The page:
S ource: Rferl
In an interview with RFE/RL’s Tajik Service on February 28, Tajik Ambassador to Russian Abdulmajid Dostiev said his country and Russia are preparing to extend Russia’s use of three bases in Tajikistan for another 49 years. Asked why there was a delay in signing, Dostiev indicated among the details still being negotiated was the matter of rent for use of the Tajik bases and said “no one in the world today intends to give up even a small plot of their land for nothing.” The Tajik ambassador said, “our country should keep this in mind, whether there should be payment of some $300 million or compensation through providing military-technical aid,” adding “nobody will say thank you to those who give up their land for free to others.”
The $300 million figure has been mentioned in Tajikistan but Dostiev conceded that even 10 percent of that amount of money would be acceptable.
Russia’s 201st Division has been stationed in Tajikistan since just after the end of WWII. The unit remained in Tajikistan after the collapse of the Soviet Union, mainly providing support for Russian border guards along the 1,344-kilometer Tajik-Afghan frontier but also guarding vital strategic facilities in Tajikistan during the country’s 1992-1997 civil war. At the time many, especially the Tajik government, appreciated the presence of the Russian troops. Though the 201st officially stayed out of the Tajik fighting there were suspicions they propped up the Tajik government when its military forces were hard pressed. Dostiev said, “Today’s Tajikistan is not the same country it was in the 1990s when its fate was decided in other countries.”
Tajik troops took over watch on the Afghan border in 2005. Since 2001 there have been NATO troops, some 200 mainly French soldiers, using the air base outside Dushanbe for supporting operations in neighboring Afghanistan. Tajik authorities are not anxious for Russian force with its 7,000 soldiers to leave but they also say the situation has changed and Russia should pay rent for using bases in Dushanbe, Kurgan-Teppa and Kulob.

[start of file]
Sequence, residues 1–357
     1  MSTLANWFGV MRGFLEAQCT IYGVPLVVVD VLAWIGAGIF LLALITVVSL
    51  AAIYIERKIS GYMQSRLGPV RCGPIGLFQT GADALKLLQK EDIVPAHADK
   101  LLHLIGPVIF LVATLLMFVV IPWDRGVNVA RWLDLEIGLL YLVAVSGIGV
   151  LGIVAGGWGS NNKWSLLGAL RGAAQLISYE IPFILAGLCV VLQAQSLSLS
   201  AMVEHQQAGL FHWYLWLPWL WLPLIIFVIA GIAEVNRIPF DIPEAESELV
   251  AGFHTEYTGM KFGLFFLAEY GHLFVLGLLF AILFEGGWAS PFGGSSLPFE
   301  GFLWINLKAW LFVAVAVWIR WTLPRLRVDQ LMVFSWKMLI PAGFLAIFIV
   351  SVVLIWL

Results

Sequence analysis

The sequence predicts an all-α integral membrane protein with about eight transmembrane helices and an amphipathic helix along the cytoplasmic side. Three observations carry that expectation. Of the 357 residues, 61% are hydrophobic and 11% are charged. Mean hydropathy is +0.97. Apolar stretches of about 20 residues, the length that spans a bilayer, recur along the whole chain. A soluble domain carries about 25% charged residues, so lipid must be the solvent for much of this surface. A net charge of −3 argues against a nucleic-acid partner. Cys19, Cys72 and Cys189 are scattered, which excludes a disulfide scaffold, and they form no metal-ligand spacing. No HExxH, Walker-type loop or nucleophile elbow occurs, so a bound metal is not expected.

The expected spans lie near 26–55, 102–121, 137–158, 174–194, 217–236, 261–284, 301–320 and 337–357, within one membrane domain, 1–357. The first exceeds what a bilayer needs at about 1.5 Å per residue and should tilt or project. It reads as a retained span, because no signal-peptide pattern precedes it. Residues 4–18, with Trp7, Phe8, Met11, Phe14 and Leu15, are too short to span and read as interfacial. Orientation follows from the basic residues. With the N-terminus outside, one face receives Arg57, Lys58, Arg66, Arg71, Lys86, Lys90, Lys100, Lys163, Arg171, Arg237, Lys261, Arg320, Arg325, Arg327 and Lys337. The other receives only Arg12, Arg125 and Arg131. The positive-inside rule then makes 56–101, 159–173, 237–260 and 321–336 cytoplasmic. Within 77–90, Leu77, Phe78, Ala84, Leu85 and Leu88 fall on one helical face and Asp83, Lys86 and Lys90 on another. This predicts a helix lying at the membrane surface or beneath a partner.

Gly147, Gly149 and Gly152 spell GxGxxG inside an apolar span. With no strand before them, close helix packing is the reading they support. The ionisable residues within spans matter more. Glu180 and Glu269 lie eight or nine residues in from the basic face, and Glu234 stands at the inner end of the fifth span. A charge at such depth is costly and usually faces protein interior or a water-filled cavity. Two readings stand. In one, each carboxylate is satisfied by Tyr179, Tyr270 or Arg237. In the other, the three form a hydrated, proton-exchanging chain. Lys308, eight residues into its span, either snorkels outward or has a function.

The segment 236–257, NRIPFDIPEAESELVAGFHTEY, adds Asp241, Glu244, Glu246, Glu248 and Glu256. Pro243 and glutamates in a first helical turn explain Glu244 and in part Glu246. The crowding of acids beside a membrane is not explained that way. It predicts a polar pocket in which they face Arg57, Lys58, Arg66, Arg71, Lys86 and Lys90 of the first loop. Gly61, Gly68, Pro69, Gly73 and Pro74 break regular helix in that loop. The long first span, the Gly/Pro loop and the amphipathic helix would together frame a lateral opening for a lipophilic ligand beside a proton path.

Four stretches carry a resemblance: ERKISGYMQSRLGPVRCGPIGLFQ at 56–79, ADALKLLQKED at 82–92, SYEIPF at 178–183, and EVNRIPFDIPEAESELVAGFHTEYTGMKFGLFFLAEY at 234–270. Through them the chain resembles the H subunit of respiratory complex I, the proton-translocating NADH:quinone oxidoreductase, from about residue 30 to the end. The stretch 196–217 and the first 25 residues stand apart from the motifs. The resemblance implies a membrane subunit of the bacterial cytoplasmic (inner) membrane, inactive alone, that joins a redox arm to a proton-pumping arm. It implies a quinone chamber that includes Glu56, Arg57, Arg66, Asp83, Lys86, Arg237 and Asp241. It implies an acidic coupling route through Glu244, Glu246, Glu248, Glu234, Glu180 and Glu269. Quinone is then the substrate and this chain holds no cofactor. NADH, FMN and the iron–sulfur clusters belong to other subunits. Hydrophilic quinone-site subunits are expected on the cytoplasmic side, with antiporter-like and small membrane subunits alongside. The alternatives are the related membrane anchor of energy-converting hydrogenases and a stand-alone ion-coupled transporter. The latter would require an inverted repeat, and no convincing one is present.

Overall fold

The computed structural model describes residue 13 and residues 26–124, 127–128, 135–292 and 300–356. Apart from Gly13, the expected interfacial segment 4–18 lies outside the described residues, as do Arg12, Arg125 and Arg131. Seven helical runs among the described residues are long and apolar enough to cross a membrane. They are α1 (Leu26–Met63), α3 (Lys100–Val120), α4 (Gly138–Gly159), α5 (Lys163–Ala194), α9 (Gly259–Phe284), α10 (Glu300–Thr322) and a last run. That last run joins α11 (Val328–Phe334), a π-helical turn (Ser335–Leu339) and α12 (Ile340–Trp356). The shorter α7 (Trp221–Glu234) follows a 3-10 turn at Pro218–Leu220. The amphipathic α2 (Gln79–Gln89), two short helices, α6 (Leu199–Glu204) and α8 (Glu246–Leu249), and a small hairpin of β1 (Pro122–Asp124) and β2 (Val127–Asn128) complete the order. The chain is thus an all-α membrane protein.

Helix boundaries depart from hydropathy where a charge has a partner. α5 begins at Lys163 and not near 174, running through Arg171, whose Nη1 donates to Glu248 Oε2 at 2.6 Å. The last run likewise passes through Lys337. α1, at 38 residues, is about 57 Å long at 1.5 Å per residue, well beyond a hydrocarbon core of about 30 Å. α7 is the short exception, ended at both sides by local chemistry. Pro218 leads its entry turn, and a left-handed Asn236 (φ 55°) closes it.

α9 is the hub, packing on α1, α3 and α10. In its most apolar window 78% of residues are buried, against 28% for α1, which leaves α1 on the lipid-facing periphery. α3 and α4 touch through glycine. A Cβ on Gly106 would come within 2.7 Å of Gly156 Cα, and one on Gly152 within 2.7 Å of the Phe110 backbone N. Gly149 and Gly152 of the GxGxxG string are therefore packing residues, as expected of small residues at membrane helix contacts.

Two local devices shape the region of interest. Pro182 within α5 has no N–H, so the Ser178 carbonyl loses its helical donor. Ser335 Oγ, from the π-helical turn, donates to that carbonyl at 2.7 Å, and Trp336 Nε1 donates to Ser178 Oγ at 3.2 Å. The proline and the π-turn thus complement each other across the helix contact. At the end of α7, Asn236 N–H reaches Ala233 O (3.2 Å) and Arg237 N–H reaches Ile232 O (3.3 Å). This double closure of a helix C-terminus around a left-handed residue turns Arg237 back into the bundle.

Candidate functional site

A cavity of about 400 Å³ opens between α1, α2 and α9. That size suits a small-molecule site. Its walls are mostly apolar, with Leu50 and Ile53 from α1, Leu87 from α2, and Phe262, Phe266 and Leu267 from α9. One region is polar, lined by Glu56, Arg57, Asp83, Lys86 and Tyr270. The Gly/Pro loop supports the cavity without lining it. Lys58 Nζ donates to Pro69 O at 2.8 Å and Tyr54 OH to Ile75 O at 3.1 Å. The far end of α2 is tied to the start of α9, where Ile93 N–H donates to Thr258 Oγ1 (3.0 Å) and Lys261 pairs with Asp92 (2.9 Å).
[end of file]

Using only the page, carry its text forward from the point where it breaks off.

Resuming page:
Tajikistan has raised the subject of Russia paying rent for use of bases before but this most recent statement may have been prompted by Kyrgyz President Almaz Atambaev’s visit to Moscow last weekend. Atambaev has said repeatedly when the U.S. military’s lease on the Manas base expires in 2014 it will not be renewed and he wants all the U.S.-NATO troops out. U.S. forces have also been using the base in Kyrgyzstan since late 2001 in support of operations in Afghanistan.
Atambaev said in an interview with radio station “Ekho Moskvy” on February 25, Kyrgyzstan might demand Russia vacate the base it uses in Kyrgyzstan, at Kant, some 40 kilometers from Bishkek. Atambaev said for the last four years Russia has been using the base but not paying rent. “This Russian base, which is located in Kyrgyzstan in Kant, is not even paying the lease payment and is not complying with its obligations,” Atambaev said, then asked, “Do we need such a base?”
Kyrgyzstan’s president said even the financial burden of paying the utility bills for the Kant base had fallen to Kyrgyz authorities. Atambaev told Russian President Dmitri Medvedev about the unpaid rent when they met. Atambaev said Medvedev was “shocked” to hear of it and order the Russian defense minister to make the payment within 10 days.
Atambaev’s public complaints may have prompted Russia to pay the approximately $15 million it owed for rent of the Kant base but those complaints also drew a response Russian media was quick to note. A Kremlin statement picked up by Russian news agencies and newspapers about rent for Kant said Russia “reaffirmed its readiness to make a prompt payment for the lease.” But the statement continued “the issue of payment of the sovereign debt of nearly half a billion dollars ($493 million) that Kyrgyzstan owes the Russian Federation is a more complicated issue.”
Written by the Central Newsroom with help from Mirzo Salimov of the Tajik Service